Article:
government, but that it should be one which would have a control over national and external matters only, and not interfere with the internal regulations and police of the different states in the union. Such a government, while it would give us respectability abroad, would not encroach upon, or subvert our liberties at home.
THE HOBGOBLINS OF ANARCHY AND DISSENSIONS AMONG THE STATES
Philadelphia newspapers printed a great volume of Federalist and Antifederalist literature. Indeed, long after the Quaker state ratified the Constitution, pieces composed in the main by Pennsylvanians were reprinted in scores of newspapers throughout the country. A large selection of this literature can be found in John B. McMaster and Frederick D. Stone (eds.), Pennsylvania and the Federal Constitution ( Lancaster, 1888). The longest and most comprehensive series of these essays, twenty-four in number, under the pseudonym "CENTINEL," appeared in the [ Philadelphia] I ndependent Gazetteer between October 5, 1787 and November 24,1788.
Some historians believe that most of the "Centinel" letters were composed by Samuel Bryan (the son of George Bryan), and several (of the shorter selections) by Eleazer Oswald, owner of the Independent Gazetteer. See, for example, McMaster and Stone, pp. 6-7n., and Robert L. Brunhouse, The Counter-Revolution in Pennsylvania, 1776-1790( Harrisburg, 1942), p. 204. But a recent study by Charles Page Smith, James Wilson, Founding Father (Chapel Hill, 1956), wisely refrains from making this identification, even though Smith's account "is taken primarily from McMaster and Stone."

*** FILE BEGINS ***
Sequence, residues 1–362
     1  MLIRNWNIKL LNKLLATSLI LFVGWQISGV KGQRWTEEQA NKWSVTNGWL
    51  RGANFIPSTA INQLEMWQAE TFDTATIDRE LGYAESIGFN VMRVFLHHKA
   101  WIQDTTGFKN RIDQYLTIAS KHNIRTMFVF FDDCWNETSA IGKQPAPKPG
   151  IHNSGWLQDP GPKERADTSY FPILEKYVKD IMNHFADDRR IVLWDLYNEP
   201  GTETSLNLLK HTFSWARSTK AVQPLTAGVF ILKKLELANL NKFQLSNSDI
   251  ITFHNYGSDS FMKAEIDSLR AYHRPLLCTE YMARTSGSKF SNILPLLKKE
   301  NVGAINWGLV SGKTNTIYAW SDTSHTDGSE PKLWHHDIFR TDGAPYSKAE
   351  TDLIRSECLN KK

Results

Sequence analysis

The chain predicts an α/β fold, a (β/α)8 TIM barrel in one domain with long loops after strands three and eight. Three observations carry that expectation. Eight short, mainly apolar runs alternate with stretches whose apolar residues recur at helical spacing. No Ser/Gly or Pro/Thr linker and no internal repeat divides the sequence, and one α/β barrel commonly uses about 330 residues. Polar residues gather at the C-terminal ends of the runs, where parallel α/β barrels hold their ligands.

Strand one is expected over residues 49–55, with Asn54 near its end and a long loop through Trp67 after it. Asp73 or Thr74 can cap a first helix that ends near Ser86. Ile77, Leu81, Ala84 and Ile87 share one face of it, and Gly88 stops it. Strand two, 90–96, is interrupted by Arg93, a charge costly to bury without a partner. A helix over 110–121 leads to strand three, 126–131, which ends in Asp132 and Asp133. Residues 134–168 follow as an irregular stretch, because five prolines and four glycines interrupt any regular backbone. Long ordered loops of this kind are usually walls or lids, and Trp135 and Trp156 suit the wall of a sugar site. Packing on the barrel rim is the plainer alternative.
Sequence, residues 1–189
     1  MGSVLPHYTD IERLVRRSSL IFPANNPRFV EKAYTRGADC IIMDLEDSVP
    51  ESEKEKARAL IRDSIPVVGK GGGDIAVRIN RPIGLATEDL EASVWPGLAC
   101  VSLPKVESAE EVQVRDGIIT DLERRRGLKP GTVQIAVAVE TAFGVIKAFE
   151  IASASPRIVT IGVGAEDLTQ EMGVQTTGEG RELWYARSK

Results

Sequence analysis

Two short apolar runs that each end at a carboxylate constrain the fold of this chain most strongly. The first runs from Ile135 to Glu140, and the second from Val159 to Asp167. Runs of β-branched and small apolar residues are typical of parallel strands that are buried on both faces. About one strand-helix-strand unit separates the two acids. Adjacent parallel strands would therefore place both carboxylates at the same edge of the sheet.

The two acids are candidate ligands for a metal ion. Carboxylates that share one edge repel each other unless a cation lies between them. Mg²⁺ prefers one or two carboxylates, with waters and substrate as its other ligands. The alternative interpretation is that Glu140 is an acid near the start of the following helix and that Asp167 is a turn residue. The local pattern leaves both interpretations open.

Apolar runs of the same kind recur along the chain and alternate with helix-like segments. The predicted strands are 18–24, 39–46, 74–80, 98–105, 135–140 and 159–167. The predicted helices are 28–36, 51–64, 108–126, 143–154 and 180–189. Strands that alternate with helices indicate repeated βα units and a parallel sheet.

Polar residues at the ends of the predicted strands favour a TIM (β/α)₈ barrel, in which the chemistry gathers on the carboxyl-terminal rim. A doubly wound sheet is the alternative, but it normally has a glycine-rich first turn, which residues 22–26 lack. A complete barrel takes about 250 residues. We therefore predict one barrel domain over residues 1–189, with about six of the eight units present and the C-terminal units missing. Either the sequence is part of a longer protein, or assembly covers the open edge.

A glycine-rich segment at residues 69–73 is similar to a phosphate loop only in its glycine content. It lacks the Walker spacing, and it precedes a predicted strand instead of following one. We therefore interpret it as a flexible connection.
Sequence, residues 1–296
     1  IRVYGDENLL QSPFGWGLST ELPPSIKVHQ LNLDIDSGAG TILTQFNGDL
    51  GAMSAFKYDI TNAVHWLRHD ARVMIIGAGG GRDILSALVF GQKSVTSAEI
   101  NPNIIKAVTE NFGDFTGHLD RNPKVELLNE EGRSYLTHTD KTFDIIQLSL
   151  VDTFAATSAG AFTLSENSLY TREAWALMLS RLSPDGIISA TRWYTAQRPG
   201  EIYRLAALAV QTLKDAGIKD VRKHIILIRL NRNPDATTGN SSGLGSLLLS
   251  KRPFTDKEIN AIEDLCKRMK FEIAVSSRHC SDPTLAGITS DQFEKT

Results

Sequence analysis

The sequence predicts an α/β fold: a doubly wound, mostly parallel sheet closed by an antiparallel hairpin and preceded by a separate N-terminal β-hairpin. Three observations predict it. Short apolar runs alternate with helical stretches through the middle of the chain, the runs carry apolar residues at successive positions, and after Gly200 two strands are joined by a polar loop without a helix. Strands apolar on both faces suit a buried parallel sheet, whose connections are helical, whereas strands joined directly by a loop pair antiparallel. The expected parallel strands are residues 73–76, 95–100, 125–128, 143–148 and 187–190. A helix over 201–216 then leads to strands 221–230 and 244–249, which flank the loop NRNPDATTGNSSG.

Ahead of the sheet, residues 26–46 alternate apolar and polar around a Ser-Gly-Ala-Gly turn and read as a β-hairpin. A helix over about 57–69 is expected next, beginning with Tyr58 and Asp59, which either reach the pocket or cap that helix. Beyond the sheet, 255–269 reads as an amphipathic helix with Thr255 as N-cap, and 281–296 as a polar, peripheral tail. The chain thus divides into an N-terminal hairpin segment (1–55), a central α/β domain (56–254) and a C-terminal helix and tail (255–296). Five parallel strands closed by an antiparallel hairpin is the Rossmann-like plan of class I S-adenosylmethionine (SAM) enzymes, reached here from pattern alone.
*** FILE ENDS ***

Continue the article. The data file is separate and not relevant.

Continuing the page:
The particular selection reprinted here is from the eleventh letter of "Centinel," which appeared in the Independent Gazetteer on January 16, 1788, and may be found in McMaster and Stone, pp. 634-37. Like the author of Antifederalist No. 5, "Centinel" declared that the Federalist tilted at windmills.
The evils of anarchy have been portrayed with all the imagery of language in the glowing colors of eloquence; the affrighted mind is thence led to clasp the new Constitution as the instrument of deliverance, as the only avenue to safety and happiness. To avoid the possible and transitory evils of one extreme, it is seduced into the certain and permanent misery necessarily attendant on the other. A state of anarchy from its very nature can never be of long continuance; the greater its violence the shorter the duration. Order and security are immediately sought by the distracted people beneath the shelter of equal laws and the salutary restraints of regular government; and if this be not attainable, absolute power is assumed by the one, or a few, who shall be the most enterprising and successful. If anarchy, therefore, were the inevitable consequence of rejecting the new Constitution, it would be infi